4. gardengnome says

    I simply cannot ignore the use of ‘pled’ in place of ‘pleaded – lights my fuse every time!

  5. Al Dente says

    I hate the word “gotten”.

    If gotten was good enough for Shakespeare and Marlow it’s good enough for me.

  6. Johnny Vector says

    Yeah, pretty much everything in your penultimate paragraph. Also, since you didn’t mention it, poor typography. I probably get that from years of reading alt.religion.kibology back in the day. Bad kerning makes me grimace. It’s Shamrockfest, not Sham rock fest!

    Hmm… Or is it?

  7. permanentwiltingpoint says

    Well, I’ve recently been to a poetry slam at my university. And poetry forced to rhyme, regardless of flow, meter or length of line is physically hurting as w / hell.

  8. anne mariehovgaard says

    I do this all the time, with (Norwegian) grammar and spelling. I’m physically incapable of ignoring such mistakes – show me a page full of text and ask me if I like the font, and I’ll immediately point out any spelling mistakes. I think I have a spell-checking homunculus in my head. Noticing grammatical mistakes takes longer, since I have to actually read the text. I don’t always say anything – but if I’m in the audience, you should proofread your PP pages carefully*. Misspelt** words hurt my eyes and make it very, very hard to focus on what you’re trying to say.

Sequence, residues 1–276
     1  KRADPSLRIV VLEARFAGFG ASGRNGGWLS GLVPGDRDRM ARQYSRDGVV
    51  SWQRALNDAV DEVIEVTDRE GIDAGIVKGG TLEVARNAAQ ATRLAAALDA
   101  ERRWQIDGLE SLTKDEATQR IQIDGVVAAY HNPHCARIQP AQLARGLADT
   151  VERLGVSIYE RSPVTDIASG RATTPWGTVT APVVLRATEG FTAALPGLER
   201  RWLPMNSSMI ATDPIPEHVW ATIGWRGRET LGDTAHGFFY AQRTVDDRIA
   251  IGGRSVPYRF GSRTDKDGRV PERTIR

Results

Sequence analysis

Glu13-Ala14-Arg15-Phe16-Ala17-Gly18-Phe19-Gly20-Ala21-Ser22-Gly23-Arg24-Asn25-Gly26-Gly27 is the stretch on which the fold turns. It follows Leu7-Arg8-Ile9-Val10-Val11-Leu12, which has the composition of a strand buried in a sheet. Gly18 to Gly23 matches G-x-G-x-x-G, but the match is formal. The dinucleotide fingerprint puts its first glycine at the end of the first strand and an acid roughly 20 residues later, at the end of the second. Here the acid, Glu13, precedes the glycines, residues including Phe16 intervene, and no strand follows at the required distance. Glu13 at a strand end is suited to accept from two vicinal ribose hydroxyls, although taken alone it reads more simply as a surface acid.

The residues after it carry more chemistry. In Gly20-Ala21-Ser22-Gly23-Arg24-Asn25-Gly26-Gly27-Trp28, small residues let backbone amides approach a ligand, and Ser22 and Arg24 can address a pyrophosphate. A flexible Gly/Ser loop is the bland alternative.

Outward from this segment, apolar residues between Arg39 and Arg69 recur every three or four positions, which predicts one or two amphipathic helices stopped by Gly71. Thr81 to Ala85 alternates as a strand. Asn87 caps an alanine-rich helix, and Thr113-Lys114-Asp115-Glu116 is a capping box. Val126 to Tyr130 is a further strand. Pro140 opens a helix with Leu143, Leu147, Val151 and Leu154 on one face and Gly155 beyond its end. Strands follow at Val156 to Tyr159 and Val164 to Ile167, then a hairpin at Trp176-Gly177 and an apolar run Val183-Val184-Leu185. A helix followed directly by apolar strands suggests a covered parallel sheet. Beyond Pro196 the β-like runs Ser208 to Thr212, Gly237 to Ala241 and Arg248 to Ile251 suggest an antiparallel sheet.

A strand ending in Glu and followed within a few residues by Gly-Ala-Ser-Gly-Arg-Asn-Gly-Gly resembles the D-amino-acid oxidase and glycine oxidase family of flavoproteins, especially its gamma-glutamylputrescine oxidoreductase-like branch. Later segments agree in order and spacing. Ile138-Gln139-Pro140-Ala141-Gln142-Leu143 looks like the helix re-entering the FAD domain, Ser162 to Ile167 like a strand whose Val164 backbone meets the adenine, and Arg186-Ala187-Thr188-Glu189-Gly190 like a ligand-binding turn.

*And if you are giving a lecture on dyslexia, I will point out your mistakes in public.
    **I was taught first Am. English, then British, then Am. again, so I tend to mix & match words… I’m afraid it’s too late to change that ;) Please feel free to point out any other mistakes, though :)

  9. Joan says

    Written to my husband a couple of years ago.

    War on Word

    Long ago ‘tween you and me
    The argument then seemed to be
    Whether “affect” or “effect”
    Was proper usage. Now, by heck,
    I look with fondness on that time.
    In retrospect it seems sublime
    Compared to that which takes its place
    Both on the air and printed space.
    “Impacted?” Surely it’s a spoof.
    This word concerns a crowded tooth
    Or objects crushed together tight
    But now the word has taken flight.
    “Affected” hasn’t the impact.
    “Impacted” is the nouveau tact.
    No one’s affected by event
    Of storm or war or ill wind sent.
    They’re all impacted. I gave up
    My futile war against this pup.
    But just when I was quite resigned
    To swallow all this bilge I find
    New courage. It is quite a mouthful
    To say that something is “impactful.”

  10. outeast says

    You could say that my rhyming’s atrocious
    That my meter is making you scream
    But in truth I’m a Poet Precocious:
    You just haven’t figured my scheme.

    For I’ve declared war on those critics
    Who only love to read poems that scan
    And tooth-grating abuses of scansion
    Well they’re right at the heart of my plan

    My arsenal of poetic abuses
    Will be more than I think you can bear
    And my rhymes may not rhyme, but the truth is
    I just love how it grates in your ear…

  11. Cuttlefish says

    That, outeast, is a thing of beauty.

    Love, love, love the last line. But I’m a fan of visual rhymes.

Leave a Reply

Your email address will not be published. Required fields are marked *